As per the REE, China is steadily tightening its grip on the entire vertical supply chain. The automotive industry, high-tech manufacturers, and western governments will continue to be outflanked by Chinese competitors before they can cooperate and use their purchasing power to underwrite investments in rare earth mining and other downstream operations. Europe and the USA were formerly home to robust mining industries that had the potential to service global metal demands if allowed to do so.

Other perspectives for further research on critical minerals would be to analyse the impact of an increased recycling rate. Also, it would be pertinent to implement and analyse the impact of water resource availability on some major raw material production. The integration of strategic materials such as cobalt, nickel, and rare-earth metals would be very valuable with the increasing deployment of EVs and VREs.  New global energy models could be advantageous as a decision-making tool to understand better investments in low-carbon technologies based on future mineral resource constraints for better sectoral assessment.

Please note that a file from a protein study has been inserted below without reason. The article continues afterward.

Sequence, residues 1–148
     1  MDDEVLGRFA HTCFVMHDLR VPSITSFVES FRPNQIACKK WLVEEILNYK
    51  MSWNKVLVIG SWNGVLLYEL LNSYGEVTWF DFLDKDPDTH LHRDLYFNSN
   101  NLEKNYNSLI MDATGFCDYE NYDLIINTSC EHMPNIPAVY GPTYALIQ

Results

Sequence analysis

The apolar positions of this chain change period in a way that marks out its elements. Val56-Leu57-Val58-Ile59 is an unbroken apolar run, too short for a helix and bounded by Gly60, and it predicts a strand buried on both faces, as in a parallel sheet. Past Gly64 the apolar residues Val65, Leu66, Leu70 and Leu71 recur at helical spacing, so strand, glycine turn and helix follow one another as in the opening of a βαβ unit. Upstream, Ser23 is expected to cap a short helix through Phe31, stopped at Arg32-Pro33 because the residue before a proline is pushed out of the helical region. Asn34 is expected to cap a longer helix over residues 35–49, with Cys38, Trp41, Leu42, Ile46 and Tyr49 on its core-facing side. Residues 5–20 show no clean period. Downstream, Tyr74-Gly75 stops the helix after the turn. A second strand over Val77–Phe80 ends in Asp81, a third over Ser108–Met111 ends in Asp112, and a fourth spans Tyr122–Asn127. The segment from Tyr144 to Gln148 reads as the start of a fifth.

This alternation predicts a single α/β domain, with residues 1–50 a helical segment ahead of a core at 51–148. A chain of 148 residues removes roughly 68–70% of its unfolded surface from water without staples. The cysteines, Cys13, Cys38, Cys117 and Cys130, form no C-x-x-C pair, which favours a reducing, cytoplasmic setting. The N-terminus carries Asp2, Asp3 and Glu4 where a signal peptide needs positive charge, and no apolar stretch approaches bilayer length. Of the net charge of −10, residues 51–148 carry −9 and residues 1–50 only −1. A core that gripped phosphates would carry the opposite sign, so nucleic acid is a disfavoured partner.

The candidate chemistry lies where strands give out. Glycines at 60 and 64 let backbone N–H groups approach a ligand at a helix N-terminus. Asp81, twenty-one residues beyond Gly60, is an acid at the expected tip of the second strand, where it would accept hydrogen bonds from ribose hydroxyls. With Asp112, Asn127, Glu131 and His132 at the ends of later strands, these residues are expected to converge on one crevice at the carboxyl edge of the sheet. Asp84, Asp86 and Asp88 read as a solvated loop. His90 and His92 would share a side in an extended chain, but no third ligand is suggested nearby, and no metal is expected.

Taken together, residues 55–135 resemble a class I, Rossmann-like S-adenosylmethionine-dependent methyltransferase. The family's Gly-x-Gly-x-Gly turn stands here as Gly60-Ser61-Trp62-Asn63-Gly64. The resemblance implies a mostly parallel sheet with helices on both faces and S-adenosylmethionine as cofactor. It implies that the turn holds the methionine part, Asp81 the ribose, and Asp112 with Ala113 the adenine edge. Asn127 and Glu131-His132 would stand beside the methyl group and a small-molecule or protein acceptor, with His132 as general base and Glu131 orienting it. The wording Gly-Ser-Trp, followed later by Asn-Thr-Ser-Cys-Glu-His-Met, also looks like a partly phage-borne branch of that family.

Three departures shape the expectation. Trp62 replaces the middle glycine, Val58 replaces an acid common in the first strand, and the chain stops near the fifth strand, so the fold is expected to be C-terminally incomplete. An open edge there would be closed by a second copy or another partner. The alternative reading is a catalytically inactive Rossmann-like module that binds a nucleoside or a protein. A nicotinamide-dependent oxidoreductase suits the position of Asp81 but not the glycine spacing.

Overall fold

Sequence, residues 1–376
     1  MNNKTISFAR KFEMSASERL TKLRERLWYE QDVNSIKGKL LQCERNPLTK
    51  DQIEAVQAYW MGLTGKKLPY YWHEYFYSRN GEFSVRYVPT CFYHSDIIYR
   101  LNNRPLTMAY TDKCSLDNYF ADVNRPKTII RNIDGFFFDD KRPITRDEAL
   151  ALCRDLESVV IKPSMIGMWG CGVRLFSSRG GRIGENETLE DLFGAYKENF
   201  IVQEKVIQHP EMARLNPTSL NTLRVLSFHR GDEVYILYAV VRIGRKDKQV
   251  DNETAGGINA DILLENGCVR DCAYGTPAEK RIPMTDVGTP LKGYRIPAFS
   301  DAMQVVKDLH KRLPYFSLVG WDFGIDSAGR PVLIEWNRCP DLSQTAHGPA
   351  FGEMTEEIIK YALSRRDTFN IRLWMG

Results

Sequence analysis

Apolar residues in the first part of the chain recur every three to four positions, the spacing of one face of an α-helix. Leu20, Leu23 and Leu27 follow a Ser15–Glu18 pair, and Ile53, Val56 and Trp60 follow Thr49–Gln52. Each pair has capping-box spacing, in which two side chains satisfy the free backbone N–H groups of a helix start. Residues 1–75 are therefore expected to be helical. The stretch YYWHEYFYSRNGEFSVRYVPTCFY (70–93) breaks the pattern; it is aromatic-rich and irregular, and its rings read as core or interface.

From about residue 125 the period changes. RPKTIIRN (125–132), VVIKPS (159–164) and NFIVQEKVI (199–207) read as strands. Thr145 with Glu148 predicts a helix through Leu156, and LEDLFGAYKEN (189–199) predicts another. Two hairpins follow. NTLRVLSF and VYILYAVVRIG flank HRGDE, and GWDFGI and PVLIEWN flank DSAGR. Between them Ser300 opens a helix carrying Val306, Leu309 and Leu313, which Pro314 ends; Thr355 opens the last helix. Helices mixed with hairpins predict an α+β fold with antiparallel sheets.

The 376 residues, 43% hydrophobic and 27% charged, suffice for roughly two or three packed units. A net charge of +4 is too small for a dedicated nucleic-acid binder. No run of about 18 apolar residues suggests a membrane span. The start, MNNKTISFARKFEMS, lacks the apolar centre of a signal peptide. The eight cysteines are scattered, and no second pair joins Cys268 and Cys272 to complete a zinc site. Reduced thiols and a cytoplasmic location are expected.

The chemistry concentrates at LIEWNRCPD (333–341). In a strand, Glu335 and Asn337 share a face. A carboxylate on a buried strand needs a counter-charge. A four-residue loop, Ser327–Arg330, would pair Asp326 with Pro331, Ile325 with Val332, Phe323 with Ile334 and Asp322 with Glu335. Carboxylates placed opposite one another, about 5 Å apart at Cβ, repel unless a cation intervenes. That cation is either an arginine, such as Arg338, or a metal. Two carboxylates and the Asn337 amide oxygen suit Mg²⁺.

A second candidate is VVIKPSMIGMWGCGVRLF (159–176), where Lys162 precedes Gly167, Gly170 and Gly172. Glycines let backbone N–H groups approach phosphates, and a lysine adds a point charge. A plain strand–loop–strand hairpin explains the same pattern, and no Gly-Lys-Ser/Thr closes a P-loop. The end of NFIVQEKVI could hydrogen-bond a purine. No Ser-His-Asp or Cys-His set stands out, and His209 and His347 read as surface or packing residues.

6 References

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[17] Mining the Future: How China Is Set to Dominate the Next Industrial Revolution. Foreign Policy Magazine, 2019. https://foreignpolicy.com/2019/05/01/mining-the-future-china-critical-minerals-metals/

[18] Communication from the Commission to the European Parliament, the Council, the European Economic, and Social Committee and the Committee of the Regions. Critical Raw Materials Resilience: Charting a Path towards greater Security and Sustainability. COM/2020/474 final. 2020.